Florencio Constantino (1869-1919) was born in Bilbao in Spainâ€™s Basque region. He immigrated to Argentina in 1889 and initially made his living as a farming contractor. Constantino had always enjoyed singing and began vocal studies in the early 1890s. After a few local concerts and recitals, the tenor made his stage debut in BrÃ©tonâ€™s opera La Dolores at the Teatro SolÃs in Montevideo in 1895. During this early period Constantino also made appearances in Lucia di Lammermoor, La Gioconda and Cavalleria Rusticana. After travelling back across the Atlantic, Constantino made his European debut in 1897 as des Grieux in Manon at the Teatro Ponchielli in Cremona. For the next two seasons, the Spanish tenor paid his dues in provincial Italian theaters and spent a good deal of time in the Netherlands, as well. By the early 1900s, Constantino was an international opera star, with appearances in the principal theaters of Madrid, Naples, Rome, Lisbon, Warsaw, St. Petersburg, Moscow, Berlin, Nice and London. In 1906, he travelled to New Orleans and made his North American debut as Don JosÃ© in Carmen. Appearances in Chicago, Los Angeles, Denver, Seattle, Philadelphia, Toronto and Montreal followed and Constantino quickly established himself as a leading tenor in the U.S. The busy artist was a tremendous success at Hammersteinâ€™s Manhattan Opera in New York and was particularly popular in Boston. From 1907 until 1917, he sang regularly throughout the States in a wide variety of roles such as Rodolfo in La BohÃ¨me, Cavaradossi in Tosca, Maurizio in Adriana Lecouvreur, Arturo in I Puritani, Almaviva in Il Barbiere di Siviglia, the Duke in Rigoletto, Alfredo in La Traviata, Raoul in Les Huguenots and the title roles in Faust and Lohengrin.
By the mid-teens, however, Constantino had developed a reputation as a difficult individual and an unpredictable performer. The oft repeated anecdotes include an onstage swordfight that cost Italian basso Giovanni Gravina an eye and a legal battle with a chorus girl that led to a brief prison sentence for the tenor. Most famous was the disastrous 1917 St. Louis premiere of local composer Homer Mooreâ€™s opera Louis XIV. Claims that Constantino appeared onstage drunk are false...his colleagues gave him brandy between acts in order to revive him. In fact, the blame for the workâ€™s failure does not seem to have been entirely the tenorâ€™s fault. According to contemporary reports, the work was scarcely an opera at all but more of a costumed concert piece with solos and duets strung together with no plotline. As one critic observed, â€œThe music, though sometimes melodious, proved light, thin and naÃ¯ve, without any perceptible attempt at organic structureâ€. Perhaps regarding this work with a certain degree of disdain, Constantino simply did not learn his music. Critics reported that, â€œâ€¦he scarcely enunciated a word of the text, but emitted a series of â€˜La, la, las,â€™â€. More telling was the report that Constantino, â€œâ€¦was in atrocious voice, turning every note above the staff into a feeble falsetto and making random and croaking sounds with his throat that could scarcely be heard beyond the footlightsâ€. This suggests that the tenor was truly ill rather than inebriated. Whatever the case, it marked the beginning of the end of Constantinoâ€™s U.S. career.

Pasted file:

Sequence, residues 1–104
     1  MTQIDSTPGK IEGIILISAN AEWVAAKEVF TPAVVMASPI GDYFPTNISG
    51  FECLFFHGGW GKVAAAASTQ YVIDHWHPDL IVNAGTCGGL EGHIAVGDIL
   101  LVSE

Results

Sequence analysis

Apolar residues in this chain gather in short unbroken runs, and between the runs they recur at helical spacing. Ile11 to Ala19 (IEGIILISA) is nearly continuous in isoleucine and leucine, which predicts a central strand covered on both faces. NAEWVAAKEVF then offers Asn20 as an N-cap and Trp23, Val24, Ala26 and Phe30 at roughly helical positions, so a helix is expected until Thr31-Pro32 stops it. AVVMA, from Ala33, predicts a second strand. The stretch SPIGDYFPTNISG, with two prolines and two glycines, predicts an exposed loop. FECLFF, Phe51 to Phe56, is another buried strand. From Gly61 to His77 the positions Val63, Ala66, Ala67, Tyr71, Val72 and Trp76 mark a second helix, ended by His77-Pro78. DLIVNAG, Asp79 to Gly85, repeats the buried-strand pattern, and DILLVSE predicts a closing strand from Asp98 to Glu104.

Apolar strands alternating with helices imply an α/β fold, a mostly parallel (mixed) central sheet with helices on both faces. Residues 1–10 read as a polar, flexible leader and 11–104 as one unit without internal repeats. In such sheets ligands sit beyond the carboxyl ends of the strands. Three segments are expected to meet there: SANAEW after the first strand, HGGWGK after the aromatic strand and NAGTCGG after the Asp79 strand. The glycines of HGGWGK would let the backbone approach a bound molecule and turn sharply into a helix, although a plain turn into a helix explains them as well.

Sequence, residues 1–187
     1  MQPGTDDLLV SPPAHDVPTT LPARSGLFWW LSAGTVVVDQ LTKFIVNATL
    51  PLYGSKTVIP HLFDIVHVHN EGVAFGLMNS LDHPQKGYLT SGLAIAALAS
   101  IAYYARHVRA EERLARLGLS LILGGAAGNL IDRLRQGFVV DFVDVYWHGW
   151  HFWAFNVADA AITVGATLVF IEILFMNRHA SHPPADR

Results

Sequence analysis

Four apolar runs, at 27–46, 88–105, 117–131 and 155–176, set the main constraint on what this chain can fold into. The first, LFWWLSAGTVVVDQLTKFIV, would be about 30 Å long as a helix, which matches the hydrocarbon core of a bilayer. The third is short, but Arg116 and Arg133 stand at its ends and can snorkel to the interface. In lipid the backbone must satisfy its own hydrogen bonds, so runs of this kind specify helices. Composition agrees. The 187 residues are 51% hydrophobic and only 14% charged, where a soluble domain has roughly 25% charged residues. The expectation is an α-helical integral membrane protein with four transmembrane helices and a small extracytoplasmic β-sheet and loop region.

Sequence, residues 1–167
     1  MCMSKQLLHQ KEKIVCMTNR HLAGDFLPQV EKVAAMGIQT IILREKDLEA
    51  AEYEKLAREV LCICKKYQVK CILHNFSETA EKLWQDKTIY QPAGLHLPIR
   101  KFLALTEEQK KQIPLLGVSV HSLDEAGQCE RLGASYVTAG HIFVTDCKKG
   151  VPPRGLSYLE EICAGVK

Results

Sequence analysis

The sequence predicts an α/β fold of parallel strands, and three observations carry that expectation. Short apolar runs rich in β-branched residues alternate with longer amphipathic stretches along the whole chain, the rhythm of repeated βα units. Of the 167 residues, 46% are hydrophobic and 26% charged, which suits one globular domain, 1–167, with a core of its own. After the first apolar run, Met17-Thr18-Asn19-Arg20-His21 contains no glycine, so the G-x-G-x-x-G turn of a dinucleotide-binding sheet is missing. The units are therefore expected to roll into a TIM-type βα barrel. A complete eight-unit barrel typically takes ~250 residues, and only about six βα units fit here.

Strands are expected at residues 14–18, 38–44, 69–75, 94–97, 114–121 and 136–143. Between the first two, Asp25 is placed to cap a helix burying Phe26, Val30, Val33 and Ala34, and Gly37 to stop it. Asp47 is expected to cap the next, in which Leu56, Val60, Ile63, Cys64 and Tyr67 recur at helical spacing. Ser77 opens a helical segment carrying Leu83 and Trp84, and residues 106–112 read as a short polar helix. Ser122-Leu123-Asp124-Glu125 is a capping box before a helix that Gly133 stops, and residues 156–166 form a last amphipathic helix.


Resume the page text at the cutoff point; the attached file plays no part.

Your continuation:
His glory days winding down, the tenor relocated to Los Angeles where he gave his final stage appearance as Lohengrin. During the final years of his life, the tenor gave concerts, opened a singing school and even attempted to establish a new opera company in South America. None of these endeavors were particularly successful, however. Tales of a drunken Constantino spending his final days in a Mexican flophouse after having been pulled from the gutter are grossly exaggerated. After arriving in Mexico City for a concert tour in April of 1919, Constantino had difficulty adjusting to the altitude. Despite a nervous breakdown caused by the stress of ill health and financial difficulties, the tenor pressed on, honoring some commitments, canceling others. In September, the tenorâ€™s son, Ricardo received a telegram stating in part, â€œFather very seriously illâ€. Ricardo planned to travel to Mexico and accompany his father to Spain, where the ailing man would recover his health. Sadly, time ran out. With his heart condition now in a critical state, the tenor collapsed during a concert and was taken to the nearest medical facility, which happened to be the local charity hospital. It was here that Florencio Constantino died on November 19, 1919 at the age of fifty.
Constantino made over 200 discs and cylinders for PathÃ©, G&T, OdÃ©on, Favorite, Victor, Edison and Columbia between 1903 and 1910. These recordings showcase a bright, full lyric tenor with a highly individual sense of musical artistry. Here, Constantino sings â€œTu che a Dio spiegasti lâ€™aliâ€ from Donizettiâ€™s Lucia di Lammermoor. This was recorded in Philadelphia for the Victor label on May 28, 1907.